State lawmakers are officially at the one-quarter point of this year’s legislative session after wrapping up four weeks’ worth of work.
So far only one bill – the Real ID compliance act – has made it through the Legislature and been signed into law by Gov. Mary Fallin. And there remains plenty to do to find a solution to the state’s $878 million budget gap and tackle the hundreds of bills that remain at alive this point.
Here are five takeaways from what the Legislature has accomplished so far and what is on the horizon for coming weeks and months.
Revenue-Raising Proposals on Hold
Lawmakers and the governor’s office have made little progress so far in finding agreements to deal with the budget shortfall. Don’t expect to see it change anytime soon.
Legislative leaders said ongoing budget talks will heat up in the coming weeks. But they said it will take time to find a consensus.
House Speaker Charles McCall, R-Atoka, said members of his caucus have told him they don’t even want to start looking at tax increases, such as the cigarette tax hike, increasing oil and gas taxes, and the governor’s plan to increase the fuel tax and expand the sales tax base, until after state expenses are thoroughly examined.
“They are literally and honestly telling us they don’t want to talk about the revenue side right now,” he said. “They want to talk about the tax credits and giveaways the state participates in and if we can curtail those before we ask the people of Oklahoma for an alternative.”
Minority Floor Leader Scott Inman, D-Del City, said this only proves his claim that the “Republicans in charge do not have a plan.”
“The governor, the lieutenant governor, the speaker and the pro tem have not come to consensus on any significant revenue-raising proposals, which are crucial to balancing this budget and ensuring we don’t push our kids and senior citizens further behind,” he said. “And that ought to be concerning to every person in the state of Oklahoma.”
Lawmakers Open to Budget Cuts
It is increasingly looking like state agencies, which last month were ordered to cut millions from their current budgets due to the state’s revenue shortfall, could see further reductions.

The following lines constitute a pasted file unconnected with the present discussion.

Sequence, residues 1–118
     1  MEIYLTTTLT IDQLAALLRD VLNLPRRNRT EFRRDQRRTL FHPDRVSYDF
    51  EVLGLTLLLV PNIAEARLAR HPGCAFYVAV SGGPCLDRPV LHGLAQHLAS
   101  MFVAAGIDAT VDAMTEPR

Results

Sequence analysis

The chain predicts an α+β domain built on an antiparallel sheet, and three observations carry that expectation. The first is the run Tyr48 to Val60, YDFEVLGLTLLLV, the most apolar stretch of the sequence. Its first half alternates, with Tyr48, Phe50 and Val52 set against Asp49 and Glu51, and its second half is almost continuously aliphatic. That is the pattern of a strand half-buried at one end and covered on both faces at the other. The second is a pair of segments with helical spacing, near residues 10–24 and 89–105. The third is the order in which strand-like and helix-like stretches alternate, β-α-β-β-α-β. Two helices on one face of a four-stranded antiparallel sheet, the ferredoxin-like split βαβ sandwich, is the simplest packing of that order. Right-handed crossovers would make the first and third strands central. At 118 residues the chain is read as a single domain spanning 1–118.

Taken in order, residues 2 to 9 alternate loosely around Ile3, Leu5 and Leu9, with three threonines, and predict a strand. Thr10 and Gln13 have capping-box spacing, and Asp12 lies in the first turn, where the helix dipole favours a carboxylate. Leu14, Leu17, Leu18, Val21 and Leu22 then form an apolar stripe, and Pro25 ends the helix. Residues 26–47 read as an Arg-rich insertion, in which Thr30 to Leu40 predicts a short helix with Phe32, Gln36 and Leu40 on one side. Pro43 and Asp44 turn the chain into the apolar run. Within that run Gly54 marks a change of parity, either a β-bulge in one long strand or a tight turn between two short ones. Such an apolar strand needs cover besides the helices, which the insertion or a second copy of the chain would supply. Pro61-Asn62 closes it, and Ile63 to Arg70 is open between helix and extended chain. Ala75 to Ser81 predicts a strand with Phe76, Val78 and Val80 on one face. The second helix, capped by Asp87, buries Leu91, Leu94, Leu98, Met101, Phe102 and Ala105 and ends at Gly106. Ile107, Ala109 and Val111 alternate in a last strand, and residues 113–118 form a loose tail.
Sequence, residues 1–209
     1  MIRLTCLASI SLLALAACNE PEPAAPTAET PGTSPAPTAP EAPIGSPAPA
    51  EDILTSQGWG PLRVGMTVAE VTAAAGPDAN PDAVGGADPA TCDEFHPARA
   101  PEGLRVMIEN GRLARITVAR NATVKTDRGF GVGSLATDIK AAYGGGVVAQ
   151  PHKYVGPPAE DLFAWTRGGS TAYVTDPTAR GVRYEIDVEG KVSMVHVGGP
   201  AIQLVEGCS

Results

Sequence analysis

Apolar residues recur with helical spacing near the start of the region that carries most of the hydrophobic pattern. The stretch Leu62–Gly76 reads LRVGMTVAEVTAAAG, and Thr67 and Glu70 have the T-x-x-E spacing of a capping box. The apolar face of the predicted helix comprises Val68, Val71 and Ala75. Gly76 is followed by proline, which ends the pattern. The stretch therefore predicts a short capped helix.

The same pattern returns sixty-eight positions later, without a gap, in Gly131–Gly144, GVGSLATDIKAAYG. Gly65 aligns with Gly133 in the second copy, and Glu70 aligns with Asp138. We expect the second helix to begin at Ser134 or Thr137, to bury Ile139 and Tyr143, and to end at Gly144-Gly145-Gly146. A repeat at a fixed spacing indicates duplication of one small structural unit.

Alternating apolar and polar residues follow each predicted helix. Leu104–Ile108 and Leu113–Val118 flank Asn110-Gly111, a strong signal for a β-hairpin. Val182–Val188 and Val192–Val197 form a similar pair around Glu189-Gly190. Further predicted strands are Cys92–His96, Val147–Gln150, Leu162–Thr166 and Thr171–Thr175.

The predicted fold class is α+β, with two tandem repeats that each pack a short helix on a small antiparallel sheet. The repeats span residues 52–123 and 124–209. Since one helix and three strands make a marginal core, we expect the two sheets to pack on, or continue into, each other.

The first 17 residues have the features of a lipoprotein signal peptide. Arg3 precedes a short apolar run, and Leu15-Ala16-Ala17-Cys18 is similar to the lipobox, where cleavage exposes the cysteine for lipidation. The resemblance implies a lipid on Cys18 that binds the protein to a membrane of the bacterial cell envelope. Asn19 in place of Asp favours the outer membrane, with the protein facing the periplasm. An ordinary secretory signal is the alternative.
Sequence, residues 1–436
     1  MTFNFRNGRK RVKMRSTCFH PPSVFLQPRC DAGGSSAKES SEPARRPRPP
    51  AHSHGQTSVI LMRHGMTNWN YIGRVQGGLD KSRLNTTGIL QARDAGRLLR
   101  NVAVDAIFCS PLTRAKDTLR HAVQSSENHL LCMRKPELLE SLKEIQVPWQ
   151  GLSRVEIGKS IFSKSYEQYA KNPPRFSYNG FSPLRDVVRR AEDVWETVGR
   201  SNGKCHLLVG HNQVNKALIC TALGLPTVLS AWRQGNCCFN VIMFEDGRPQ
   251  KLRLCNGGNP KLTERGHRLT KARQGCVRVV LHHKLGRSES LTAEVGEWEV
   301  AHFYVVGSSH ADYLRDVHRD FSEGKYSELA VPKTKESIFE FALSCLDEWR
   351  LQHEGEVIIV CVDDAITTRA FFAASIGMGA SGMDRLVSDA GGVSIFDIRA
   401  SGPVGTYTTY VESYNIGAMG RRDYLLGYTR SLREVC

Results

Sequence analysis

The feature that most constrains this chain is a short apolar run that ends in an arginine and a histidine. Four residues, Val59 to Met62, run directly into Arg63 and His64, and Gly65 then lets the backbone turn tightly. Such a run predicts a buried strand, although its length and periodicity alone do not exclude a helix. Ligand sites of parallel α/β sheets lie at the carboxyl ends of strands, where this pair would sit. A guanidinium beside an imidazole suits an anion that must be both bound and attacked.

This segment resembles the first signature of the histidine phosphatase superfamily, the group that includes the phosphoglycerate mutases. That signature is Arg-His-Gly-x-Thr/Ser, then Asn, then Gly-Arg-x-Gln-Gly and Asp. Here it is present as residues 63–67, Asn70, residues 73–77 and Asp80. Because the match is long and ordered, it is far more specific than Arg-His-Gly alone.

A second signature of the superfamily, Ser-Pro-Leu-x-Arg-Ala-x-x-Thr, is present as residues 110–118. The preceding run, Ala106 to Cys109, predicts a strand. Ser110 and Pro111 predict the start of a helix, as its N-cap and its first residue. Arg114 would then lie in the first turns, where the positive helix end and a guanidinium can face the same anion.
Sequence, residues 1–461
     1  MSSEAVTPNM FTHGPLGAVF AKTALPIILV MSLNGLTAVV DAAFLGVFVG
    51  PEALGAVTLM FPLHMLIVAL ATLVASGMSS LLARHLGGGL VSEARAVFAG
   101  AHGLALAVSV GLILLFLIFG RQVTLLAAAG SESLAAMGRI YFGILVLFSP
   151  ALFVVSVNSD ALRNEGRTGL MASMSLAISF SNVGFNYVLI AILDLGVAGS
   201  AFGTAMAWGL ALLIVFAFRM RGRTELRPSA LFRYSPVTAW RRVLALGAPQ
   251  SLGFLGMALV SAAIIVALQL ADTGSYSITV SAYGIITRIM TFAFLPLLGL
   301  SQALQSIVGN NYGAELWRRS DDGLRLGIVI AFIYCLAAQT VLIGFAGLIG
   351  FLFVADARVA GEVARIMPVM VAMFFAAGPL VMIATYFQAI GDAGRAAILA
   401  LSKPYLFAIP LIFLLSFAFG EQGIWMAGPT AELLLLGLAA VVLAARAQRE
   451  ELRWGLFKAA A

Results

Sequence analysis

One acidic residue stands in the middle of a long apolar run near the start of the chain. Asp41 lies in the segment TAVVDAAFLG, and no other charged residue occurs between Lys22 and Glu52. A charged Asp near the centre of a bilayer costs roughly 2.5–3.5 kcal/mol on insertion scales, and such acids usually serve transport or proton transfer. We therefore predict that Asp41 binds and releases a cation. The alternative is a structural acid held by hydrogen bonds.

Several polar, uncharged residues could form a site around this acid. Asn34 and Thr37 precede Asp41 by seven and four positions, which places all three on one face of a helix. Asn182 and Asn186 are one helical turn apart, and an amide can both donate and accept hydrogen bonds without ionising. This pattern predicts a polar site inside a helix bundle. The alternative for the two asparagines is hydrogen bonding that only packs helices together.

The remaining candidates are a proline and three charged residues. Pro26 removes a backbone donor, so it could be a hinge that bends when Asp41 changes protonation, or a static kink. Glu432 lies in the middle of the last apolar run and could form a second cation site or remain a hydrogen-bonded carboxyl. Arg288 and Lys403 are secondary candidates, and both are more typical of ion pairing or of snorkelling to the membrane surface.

Senate Pro Tempore Mike Schulz, R-Altus, said many Republicans believe there are “efficiencies” still to be found in the budget, and cutting spending is going to be part of the plan to bridge the budget gap.
“Certainly the political reality is that there will be some agency cuts again,” he said. “How much? Who knows?”
McCall agreed it’s too early to predict the level of cuts that will be required. But he said if he were an agency director, he would “start building a plan for all potential scenarios” and “hope for the best but prepare for the worst.”
Depending on the size of cuts GOP leaders propose, this idea could face strong opposition from Democrats and the governor’s office.
Fallin said she would consider vetoing a budget bill that includes too many cuts to core state services, such as education, public safety and health.
Teacher Pay Unresolved
Lawmakers are also divided on the likelihood teachers will see a pay raise for the next school year.
On the Senate side, Schulz said he’s confident they will pass at least a “framework” to set up salary increases in subsequent years. Although he said finding money – it costs $52 million for every $1,000 raise – this year is not impossible, it will be an “extremely difficult task.”
House lawmakers are more optimistic. McCall said it’s still his goal to pass the bill, sponsored by Rep. Michael Rogers, R-Tulsa, that provides teachers a $1,000 pay boost this year and an additional $5,000 over the next two years. And although GOP lawmakers have yet to say where they will find the money – a point of contention that has troubled many Democrats – Majority Leader Jon Echols went so far as to say Thursday he is “very confident” teachers will get a raise for the 2017-18 school year.
First Deadline Passes
Thursday was the cutoff date for legislation to get out of committee in their chambers of origin or be tabled until next year.
That deadline whittled the original 2,280 bills or resolutions down to 873 surviving proposals.
An analysis of those bills and resolutions shows most are Republican-led efforts. That’s no surprise given that the GOP controls about 78 percent of the state’s legislative seats.
But the percentage of surviving proposals with a Republican lead sponsor was even higher than that. A total of 786, or 90 percent, of these bills or resolutions were sponsored by a member from the majority party.
Both Republican- and Democratic-led proposals will be whittled down further in the coming weeks. They must be successfully voted out by their full houses of origin by March 23 to stay alive.
Big Proposals Put on Hold
Several controversial issues were among the hundreds of bills that failed to get a vote in committee and, by legislative rules, will be tabled until the second session of the 56th Legislature – next year. These include:
- Senate Bill 560: creating state-funded education savings accounts allowing students to attend private schools.
- Senate Joint Resolution 30: adding a constitutional provision essentially eliminating civil asset forfeiture.
- SB 37: requiring five-day school weeks (this failed in committee, so it can’t be brought up next year).
- House Bill 1530: Making it illegal for an employer to fire someone because the employee asked, discussed or disclosed wages of another employee.
- SB 805: Accepting the optional Medicaid expansion.
- HJR 1003: Removing the constitutional provision that requires revenue-raising bills to secure three-fourths majority votes from both chambers.